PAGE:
Reeves also allows bill creating Mississippi Healthy Food Families Program to become law without his signature.
Governor Tate Reeves has vetoed four bills from the 2022 Mississippi Legislative Session. The vetoes range from provisions pertaining to campaign finance reports to restoring voting rights to criminal convictions.
The vetoes include:
- SB 2306
- SB 2336
- SB 2530
Authored by State Senator Jeff Tate, Senate Bill 2306 sought to transfer the authority of the Mississippi Ethics Commission to assess a civil penalty against any candidate or political committee for failure to file a report to the Secretary of State. It would also delete the provisions that provide for a hearing for a candidate or political committee before the State Board of Election Commissioners.
The bill also sought to provide for an appeal procedure for those candidates who are assessed a civil penalty by the Secretary of State.
This was a straightforward veto, as the language from the bill was added to HB 155, and therefore the bill was not needed. As Governor Reeves noted in his veto, it was a duplicate bill.
This bill, authored by State Senator Scott DeLano, would have allowed the Mississippi Department of Information and Technology Services to compile and record incidences of demand for payment as a result of ransomware attacks that are made against state agencies and other governing authorities. A report would then be generated to the Legislature.
In Governor Reeves’ veto letter, he acknowledged that the cyber-attacks like ransomware are evolving and escalating. However, he says that “the risk of publication or disclosure of the reports and related work on such potential vulnerabilities, even from inadvertent dissemination, can lead to further threats and exploitations of such vulnerabilities.”
Reeves said the goals set in SB 2530 were important, but he was still compelled to veto the bill at this time. He said he hopes stakeholders will come together again to address the issue in the future.
“I look forward to the Governor engaging in policies that protects private information and tax dollars from all cyber threats. Nationally, we know Ransomware attacks cost taxpayers millions of dollars and Mississippi has had its fair share of these cyber attacks. Right now, there is no way of knowing how much these attacks are costing taxpayers because there’s no requirement for public entities to report the costs to anyone. This bill sought to change that. While I’m disappointed in the veto, I look forward to working with the Governor on this matter.” said Senator DeLano.”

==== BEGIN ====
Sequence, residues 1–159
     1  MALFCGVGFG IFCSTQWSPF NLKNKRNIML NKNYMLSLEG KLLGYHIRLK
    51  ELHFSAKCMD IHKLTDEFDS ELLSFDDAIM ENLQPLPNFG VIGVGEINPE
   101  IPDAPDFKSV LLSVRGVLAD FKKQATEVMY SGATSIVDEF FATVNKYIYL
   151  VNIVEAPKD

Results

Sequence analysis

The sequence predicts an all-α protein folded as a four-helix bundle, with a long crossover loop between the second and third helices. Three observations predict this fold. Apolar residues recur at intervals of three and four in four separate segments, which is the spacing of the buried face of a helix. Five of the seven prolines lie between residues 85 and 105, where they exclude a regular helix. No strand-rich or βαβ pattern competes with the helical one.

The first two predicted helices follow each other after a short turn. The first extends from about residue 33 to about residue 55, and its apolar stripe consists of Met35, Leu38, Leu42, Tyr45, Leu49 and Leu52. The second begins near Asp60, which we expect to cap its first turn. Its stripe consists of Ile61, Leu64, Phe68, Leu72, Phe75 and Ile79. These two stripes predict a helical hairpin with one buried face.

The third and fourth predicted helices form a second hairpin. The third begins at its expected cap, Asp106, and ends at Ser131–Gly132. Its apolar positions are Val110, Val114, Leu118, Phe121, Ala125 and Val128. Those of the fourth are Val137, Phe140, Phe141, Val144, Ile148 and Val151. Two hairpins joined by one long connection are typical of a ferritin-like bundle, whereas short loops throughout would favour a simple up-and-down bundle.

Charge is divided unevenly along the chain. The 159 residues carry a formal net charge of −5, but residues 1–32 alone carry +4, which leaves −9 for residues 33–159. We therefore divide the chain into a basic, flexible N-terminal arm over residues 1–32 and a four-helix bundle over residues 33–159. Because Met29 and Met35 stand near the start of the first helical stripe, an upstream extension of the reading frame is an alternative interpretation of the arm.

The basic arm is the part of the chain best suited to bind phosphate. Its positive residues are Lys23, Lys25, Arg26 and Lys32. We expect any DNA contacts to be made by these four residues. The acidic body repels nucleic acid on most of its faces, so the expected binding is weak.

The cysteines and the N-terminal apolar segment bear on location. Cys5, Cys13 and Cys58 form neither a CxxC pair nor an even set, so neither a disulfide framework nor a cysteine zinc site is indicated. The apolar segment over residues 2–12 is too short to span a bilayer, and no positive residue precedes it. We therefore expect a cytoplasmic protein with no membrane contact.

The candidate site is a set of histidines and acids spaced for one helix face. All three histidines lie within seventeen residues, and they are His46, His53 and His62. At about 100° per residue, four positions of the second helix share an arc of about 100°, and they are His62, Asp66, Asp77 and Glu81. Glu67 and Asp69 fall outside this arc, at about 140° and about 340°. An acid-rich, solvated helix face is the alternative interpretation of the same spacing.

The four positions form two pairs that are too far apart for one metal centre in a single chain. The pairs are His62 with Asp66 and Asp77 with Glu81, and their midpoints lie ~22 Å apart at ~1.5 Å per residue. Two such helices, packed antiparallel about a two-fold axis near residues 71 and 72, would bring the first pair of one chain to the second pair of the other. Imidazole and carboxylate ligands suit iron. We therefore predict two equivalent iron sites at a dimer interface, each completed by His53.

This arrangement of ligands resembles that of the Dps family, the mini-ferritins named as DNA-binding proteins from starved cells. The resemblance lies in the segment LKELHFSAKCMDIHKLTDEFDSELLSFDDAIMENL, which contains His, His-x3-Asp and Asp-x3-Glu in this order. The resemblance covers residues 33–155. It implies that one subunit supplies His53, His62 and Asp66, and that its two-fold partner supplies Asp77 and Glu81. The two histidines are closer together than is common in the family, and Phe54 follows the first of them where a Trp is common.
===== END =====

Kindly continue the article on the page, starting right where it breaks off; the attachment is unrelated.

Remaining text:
SB 2536, which was authored by State Senator Jeremy England, originally created a public fund offender registry in Mississippi, but was vetoed by Reeves after additional language regarding suffrage rights was added to the text.
The language, given by State Rep. Nick Bain, would have reinstated the right to vote for individuals convicted of crimes that had been expunged.
Currently, state law requires that suffrage rights are only restored by a two-thirds vote of the House and Senate, or a Gubernatorial pardon on a case-by-case basis.
“I’ve been working on getting a public fund offender registry in Mississippi for 3 years now, and to have the bill reach the Governor’s desk and be vetoed is obviously disappointing and frustrating,” said Sen. England. “According to the veto message, the issue the Governor had with the bill relates to the section that returned suffrage rights for those that had a disenfranchising crime expunged from their record – which is language that was added to my bill in conference. I’ve talked to members of the Governor’s staff, and I hope to get the public fund offender registry bill back to his desk next session. It’s my understanding that he had no objection to that portion of the bill.”
Senator England added that the expungement language that was looked at in conference was essentially “clean up language.” He said what they ended up with allows those that have had a disenfranchising crime expunged from their record to re-register to vote as long as they are otherwise eligible to vote, meaning those persons cannot have any other disenfranchising crimes in their record.
“With all due respect, Senate Bill 2536 is not an attempt to ‘clarify’ existing law, but rather an attempt to affect a significant and unwise change to Mississippi’s voting laws. Thus, I am compelled to veto Senate Bill 2536,” Reeves wrote in the message.
England said he disagreed with the Governor and his team’s assessment that the bill would “automatically returns voting rights to criminals.”
“The idea being that the purpose of an expungement is to return a person to their same status as before their conviction of a disenfranchising crime. The crime is expunged from their record, giving them a clean slate essentially, so they could have then re-registered to vote,” said England.
Bill left unsigned but that becomes law
Governor Reeves also left SB 2077 unsigned, allowing it to become law without his signature. That bill created the Mississippi Healthy Food Families Program.
View the Message from Governor Reeves below:
2022 Governor Veto Message by yallpolitics on Scribd